Spare a thought for the Dalai Lama
This thrice blessed Dharmadveepa will celebrate its holiest of holy events this week. The advent of the full moon in the lunar calendar in the Vesak month, is for the majority of the people of this island nation, a day to celebrate the birth-enlightenment and passing of Gauthama the Buddha.

The government has plans to celebrate by emulating, nay even surpassing, the Buddha Jayanthi commemoration which marked the 2500 years of the birth of the Buddha. On that occasion the newly independent people of Sri Lanka made a conspicuous splash of a celebration, no doubt fittingly after 450 years of religious persecution, both subtle, and not so subtle.

In the coming week, there will be a state-sponsored jazzing up of Vesak, which will probably have traditionalists complaining that Vesak, like Christmas, has been commercialised. Buddhism is not all about Pragna (learning and wisdom) but also about Shraddha (faith.)

Imbuing the doctrinaire aspects of the Dhamma go hand in hand with the many rituals of going to temple, offering flowers, lighting oil lamps and ringing of temple bells.Dansalas, stage theatre, pandals and of course the thousands of milling crowds and sight-seeing all form a part of the joyous festivities connected with Vesak, despite some modern day excesses.

It is a happy occasion for celebration but also a time to reflect on what the Buddha's message was for our times. This year we also celebrate 250 years of the Buddhist resurgence (see the cover story of the Feature section PLUS this week.)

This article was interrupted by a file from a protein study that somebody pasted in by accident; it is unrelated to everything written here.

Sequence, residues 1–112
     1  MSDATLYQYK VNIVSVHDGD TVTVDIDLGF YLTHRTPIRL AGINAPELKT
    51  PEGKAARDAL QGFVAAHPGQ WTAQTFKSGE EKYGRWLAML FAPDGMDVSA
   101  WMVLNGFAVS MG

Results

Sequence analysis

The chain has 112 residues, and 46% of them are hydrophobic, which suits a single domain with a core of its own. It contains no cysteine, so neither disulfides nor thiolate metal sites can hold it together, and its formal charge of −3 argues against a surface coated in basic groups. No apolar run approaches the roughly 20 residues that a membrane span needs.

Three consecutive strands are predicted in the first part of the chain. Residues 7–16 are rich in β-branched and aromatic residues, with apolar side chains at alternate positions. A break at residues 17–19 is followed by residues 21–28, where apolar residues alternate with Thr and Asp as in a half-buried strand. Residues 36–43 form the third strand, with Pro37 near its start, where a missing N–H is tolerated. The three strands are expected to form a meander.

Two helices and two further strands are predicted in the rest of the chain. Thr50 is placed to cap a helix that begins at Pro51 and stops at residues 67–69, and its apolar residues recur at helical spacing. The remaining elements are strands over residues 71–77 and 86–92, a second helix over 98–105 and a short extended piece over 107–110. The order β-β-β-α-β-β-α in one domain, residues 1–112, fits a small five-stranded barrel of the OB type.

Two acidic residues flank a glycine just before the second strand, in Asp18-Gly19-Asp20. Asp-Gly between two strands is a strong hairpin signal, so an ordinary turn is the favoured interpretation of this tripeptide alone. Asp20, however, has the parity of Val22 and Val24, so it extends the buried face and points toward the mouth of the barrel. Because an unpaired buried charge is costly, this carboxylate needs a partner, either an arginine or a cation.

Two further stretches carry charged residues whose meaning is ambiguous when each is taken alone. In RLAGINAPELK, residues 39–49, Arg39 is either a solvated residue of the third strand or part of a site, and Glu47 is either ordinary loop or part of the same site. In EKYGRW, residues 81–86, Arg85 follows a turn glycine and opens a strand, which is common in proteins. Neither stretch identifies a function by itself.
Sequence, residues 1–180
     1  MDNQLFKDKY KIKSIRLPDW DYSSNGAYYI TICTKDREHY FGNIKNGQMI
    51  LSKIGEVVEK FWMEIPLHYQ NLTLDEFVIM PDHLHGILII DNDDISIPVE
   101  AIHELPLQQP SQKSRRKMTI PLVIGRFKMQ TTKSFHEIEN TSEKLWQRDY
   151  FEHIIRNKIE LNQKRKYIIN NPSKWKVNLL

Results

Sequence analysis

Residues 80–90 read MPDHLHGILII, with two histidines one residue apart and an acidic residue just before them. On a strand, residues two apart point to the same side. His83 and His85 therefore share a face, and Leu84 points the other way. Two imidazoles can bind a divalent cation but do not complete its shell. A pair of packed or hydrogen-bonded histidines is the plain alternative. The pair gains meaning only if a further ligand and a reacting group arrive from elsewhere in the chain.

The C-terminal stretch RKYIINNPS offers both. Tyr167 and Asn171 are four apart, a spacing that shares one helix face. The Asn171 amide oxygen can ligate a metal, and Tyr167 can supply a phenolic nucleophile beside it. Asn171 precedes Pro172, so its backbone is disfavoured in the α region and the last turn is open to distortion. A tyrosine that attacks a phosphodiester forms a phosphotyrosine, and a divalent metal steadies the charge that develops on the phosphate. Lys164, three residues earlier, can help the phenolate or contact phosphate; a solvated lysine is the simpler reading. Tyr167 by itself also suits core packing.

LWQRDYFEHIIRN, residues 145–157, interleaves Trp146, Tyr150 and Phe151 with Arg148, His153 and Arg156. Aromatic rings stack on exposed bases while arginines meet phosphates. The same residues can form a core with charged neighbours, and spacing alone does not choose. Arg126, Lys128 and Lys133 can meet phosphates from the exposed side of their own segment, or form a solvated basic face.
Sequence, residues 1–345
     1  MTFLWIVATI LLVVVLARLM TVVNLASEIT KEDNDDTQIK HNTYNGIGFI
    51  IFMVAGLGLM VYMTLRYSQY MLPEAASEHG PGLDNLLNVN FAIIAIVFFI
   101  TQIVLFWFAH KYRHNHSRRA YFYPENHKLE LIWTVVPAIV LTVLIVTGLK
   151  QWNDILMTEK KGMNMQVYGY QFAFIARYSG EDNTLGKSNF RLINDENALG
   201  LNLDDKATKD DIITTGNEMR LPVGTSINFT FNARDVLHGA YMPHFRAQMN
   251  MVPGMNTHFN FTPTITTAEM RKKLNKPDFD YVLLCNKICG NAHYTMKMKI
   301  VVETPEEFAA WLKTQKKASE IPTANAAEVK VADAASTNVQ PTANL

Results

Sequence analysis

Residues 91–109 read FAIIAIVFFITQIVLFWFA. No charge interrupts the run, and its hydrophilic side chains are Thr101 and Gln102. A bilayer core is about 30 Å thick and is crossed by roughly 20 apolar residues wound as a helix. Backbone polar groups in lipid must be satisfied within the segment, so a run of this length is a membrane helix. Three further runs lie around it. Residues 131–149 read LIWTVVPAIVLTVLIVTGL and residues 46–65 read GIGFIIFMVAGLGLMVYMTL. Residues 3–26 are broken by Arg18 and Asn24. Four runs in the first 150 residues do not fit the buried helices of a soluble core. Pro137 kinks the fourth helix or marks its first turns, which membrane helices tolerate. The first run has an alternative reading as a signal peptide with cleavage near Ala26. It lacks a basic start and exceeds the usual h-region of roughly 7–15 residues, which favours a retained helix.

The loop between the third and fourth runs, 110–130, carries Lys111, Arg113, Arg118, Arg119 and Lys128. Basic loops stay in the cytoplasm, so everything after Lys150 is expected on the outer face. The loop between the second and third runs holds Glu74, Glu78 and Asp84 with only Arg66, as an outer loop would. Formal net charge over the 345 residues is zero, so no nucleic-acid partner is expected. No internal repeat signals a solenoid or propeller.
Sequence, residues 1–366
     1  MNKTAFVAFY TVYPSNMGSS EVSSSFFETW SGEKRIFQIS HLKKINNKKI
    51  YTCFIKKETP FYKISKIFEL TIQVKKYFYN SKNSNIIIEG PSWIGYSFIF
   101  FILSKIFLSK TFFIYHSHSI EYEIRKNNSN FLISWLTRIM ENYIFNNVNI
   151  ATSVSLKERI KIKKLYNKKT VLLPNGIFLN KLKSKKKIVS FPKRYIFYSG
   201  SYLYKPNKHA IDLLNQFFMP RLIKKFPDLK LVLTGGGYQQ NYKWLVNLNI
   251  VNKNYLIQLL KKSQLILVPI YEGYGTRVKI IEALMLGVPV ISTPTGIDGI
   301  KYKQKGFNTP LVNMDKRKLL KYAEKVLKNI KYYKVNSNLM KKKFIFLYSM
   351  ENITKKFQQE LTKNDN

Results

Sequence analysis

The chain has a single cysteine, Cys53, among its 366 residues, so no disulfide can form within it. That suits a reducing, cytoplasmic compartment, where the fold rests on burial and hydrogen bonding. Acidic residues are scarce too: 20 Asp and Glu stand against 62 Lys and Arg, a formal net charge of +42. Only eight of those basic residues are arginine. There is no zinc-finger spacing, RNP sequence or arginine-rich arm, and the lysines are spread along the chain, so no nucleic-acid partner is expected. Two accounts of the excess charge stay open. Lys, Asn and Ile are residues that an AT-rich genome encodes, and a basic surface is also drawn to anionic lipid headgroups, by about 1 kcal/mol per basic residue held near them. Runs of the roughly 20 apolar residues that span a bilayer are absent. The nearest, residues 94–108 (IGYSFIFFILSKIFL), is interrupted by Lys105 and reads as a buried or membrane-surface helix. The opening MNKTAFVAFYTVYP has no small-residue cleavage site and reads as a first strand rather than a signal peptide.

The Prime Minister of Thailand will be here with us to mark the event - Buddhism being saved in Sri Lanka by the Thai monks belonging to the Siam nikaya. Buddhism however lost its hold in the country of its origin India, and Sri Lankan monks are sent on Dhammadutha work there in this day to teach the Dhamma. That is the way Buddhist countries and the Buddhist clergy have banded together to foster and protect Buddha's teachings.

There is one issue however that we as a nation cannot be proud of. Not all the pandals, nor the lights, the flags, tinsel and dansals could compensate for the fact that the governments of Sri Lanka, both past and present, have been reluctant to offer the Dalai Lama of Tibet a chance to visit this island.

Whether it is Theravada, Mahayana or Tibetan Buddhism, the Dalai Lama is the single most revered living Buddhist icon in the world today. He is for instance the best known face representing Buddhism in the Western world, which treats him with great veneration.

But this Dhammadveepa of ours doesn't give him a Visa. Why? Because our friend China does not want us to do so. China has been our friend in good times and in bad, particularly in providing military hardware to protect the sovereignty of our nation from terrorist, secessionist threat.

But for a nation that prides itself in according foremost place to Buddhism, the fact that the Dalai Lama cannot suitably be allowed to visit us, and pay obeisance by offering flowers at the Dalada Maligawa which he wants to do so eagerly is a great shame - if not a tragedy.

Cannot something be done in the name of the Buddha, the Dhamma and the Sangha to rectify this anomaly? This is our thought for this Vesak.

No. 8, Hunupitiya Cross Road, Colombo 2. P.O. Box: 1136, Colombo.
Editor - steditor@wijeya.lk , News - stnews@wijeya.lk Features - stfeat@wijeya.lk
Business - btimes@wijeya.lk Subs - suntimes@wijeya.lk,
Funday Times - funtimes@wijeya.lk
EDITORIAL OFFICE Tel: 326247, 328889, 433272-3. Fax: 423922, 423258
ADVERTISING OFFICE Advertising - advt@wijeya.lk , Fax: 423921
CIRCULATION DEPARTMENT No. 10, Hunupitiya Cross Road, Colombo 2.
Tel: 435454, 448322, 074 714252. Fax: 459725

Back to Top  Back to Index  

Copyright © 2001 Wijeya Newspapers Ltd. All rights reserved.